" On entering the Palace, we found His Highness's cavalry and guard of infantry drawn out, with his elephants and suwarry ; they were by no means splendid. As we passed under the Nobit Khanah the kettle-drumsbeat. Within the walls the servants were all at their posts, and the crowd considerable. In the windows were numbers of the higher orders. We quitted our palanquins at the foot of the stairs, which we mounted, attended only by our Chobdars and Ausubadars. A small anti-room led to the durbar. At the door, I waited a few seconds, till I saw that the Dewan of the State, Sadaseeo Maunkesor, was sufficiently near ; when, having quitted my slippers, I stepped on the white cloth with which the whole room was covered, Colonel Close supporting my left arm. I embraced the Dewan, and presented the officers of my suite. At this moment the Peshwa entered the room, and stepped on his guddi or throne” . " The Palace is a tolerable handsome building, and was very clean. The Durbar room is large ; it is supported by wooden pillars handsomely carved. His guddi was of white muslin, richly embroidered in gold and coloured silk. His attendants stood round without the pillars, except a few with silver sticks. Holkar did not much injure the Palace, but he carried away every thing moveable ; a small armoury and the elephant haudahs did not escape."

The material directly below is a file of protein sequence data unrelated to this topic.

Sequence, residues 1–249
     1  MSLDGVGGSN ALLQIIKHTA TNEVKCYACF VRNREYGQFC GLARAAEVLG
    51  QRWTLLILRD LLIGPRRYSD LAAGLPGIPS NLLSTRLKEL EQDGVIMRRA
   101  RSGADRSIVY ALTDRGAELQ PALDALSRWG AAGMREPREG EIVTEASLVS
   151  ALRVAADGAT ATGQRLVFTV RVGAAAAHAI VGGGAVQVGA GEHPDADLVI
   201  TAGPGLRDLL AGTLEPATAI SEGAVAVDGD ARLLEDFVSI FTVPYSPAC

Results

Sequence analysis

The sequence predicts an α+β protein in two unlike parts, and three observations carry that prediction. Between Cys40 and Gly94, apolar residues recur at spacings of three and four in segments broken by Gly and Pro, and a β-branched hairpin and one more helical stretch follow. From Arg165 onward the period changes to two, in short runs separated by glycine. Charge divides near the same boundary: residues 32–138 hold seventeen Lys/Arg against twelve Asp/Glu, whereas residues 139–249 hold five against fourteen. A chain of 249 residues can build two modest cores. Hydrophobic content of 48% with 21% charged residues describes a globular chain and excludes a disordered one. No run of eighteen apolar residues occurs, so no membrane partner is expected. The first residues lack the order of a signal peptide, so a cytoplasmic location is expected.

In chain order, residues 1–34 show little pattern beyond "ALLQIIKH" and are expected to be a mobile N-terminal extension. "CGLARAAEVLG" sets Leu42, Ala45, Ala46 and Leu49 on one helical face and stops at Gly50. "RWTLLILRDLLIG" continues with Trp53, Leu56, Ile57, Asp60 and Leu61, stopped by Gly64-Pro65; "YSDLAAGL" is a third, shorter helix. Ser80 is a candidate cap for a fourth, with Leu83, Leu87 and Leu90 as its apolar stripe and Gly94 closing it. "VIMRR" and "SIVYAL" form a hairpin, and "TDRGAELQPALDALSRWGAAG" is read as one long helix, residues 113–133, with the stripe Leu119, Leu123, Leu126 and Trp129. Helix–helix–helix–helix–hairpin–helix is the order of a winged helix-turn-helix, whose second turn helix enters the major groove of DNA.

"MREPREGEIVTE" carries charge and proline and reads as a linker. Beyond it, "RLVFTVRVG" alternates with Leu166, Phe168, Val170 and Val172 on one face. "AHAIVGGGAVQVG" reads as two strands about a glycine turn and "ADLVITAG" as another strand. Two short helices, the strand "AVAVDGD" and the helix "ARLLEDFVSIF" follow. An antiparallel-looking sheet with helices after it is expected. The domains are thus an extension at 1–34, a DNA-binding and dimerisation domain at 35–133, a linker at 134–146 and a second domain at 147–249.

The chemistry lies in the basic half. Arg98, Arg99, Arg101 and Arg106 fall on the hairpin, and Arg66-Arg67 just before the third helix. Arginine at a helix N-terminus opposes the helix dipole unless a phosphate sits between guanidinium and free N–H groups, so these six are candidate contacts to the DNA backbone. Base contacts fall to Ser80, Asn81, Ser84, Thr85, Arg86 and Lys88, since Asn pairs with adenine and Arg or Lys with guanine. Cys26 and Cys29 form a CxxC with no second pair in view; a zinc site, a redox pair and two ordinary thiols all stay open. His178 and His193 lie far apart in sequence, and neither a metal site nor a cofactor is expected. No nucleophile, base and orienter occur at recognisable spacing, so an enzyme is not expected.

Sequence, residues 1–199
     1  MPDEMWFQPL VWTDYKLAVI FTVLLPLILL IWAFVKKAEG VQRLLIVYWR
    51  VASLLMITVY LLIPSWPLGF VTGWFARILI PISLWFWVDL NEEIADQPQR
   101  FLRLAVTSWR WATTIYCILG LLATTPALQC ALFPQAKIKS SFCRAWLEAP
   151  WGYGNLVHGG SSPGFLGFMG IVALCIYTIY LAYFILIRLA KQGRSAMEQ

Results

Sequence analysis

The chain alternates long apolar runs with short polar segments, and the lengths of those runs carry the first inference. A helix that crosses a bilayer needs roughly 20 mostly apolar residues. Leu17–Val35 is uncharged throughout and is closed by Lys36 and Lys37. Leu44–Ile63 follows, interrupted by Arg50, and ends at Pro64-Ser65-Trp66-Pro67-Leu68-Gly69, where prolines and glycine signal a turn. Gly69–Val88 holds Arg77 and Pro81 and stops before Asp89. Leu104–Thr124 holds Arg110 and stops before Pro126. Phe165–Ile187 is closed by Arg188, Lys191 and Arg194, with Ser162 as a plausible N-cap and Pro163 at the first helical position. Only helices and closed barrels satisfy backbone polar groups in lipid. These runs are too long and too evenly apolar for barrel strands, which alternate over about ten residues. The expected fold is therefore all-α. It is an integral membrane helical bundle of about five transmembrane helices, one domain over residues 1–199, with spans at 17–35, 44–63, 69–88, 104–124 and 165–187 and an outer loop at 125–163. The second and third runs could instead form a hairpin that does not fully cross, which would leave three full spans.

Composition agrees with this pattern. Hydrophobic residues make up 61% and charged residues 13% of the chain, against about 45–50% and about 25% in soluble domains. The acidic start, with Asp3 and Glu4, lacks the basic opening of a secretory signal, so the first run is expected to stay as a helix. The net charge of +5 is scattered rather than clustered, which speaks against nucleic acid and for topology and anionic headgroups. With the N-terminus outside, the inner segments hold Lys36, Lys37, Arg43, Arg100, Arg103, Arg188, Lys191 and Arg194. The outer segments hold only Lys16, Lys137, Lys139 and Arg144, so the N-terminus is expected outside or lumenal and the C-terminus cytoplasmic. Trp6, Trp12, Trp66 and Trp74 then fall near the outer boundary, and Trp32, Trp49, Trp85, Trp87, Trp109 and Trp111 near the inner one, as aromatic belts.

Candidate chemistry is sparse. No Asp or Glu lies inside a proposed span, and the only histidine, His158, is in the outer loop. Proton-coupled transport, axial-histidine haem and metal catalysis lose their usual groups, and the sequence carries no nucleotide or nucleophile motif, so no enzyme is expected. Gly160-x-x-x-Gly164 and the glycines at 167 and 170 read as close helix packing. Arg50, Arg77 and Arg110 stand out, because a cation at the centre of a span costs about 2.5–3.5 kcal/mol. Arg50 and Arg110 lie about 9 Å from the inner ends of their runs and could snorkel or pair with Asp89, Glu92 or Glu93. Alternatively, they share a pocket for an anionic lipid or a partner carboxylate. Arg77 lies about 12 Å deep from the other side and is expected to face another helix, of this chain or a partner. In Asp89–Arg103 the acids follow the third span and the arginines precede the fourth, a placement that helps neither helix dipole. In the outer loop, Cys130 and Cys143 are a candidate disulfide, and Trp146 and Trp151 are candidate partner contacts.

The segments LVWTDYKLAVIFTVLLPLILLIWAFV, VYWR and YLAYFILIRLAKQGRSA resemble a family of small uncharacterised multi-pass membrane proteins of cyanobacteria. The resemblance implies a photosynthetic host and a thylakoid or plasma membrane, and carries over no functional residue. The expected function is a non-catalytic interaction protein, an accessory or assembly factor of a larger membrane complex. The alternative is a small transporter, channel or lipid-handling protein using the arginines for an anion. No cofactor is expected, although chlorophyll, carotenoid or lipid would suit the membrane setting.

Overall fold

Sir James Mackintosh, Recorder of the Bombay Court, paid a visit to the Peshwa in 1805. He describes the Palace in his journal as follows :—
" We went about half a mile, or somewhat less, through the city, of which the principal streets are paved with flags, and which is reckoned one of the best-built native towns in India. The word Bhara (wada?) which is the term for the Peshwa's house, ought not to be translated palace, because it is applied also to the houses of the other Mahratta Chiefs at Poona. From its size, it might well deserve the name ; the front is about the length of Somerset-house towards the Strand. We entered through a gate into a large square formed by the Bhara. The walls all around were painted with scenes of Hindu mythology. At one of the corners of this rather handsome square, we had a staircase to climb, which formed a singular contrast to the exterior of the building ; it was steeper than that which goes to the terrace at Parell, and not half so broad. At the top of this staircase was the entry of the hall of audience, where I left the splendidly embroidered slippers with which Colonel Close had furnished me. The hall was a long gallery, about the length perhaps of the verandah at Parell, but somewhat wider, supported by two rows of handsome wooden pillars, either of oak or of some timber exactly resembling it. (The width of which I speak is between the pillars.) Behind the pillars, on each side was a recess about half the breadth of the middle part. This apartment was carpeted, and near the end at which we entered was a white cloth laid, with three pillows : this was the Musnud, or throne."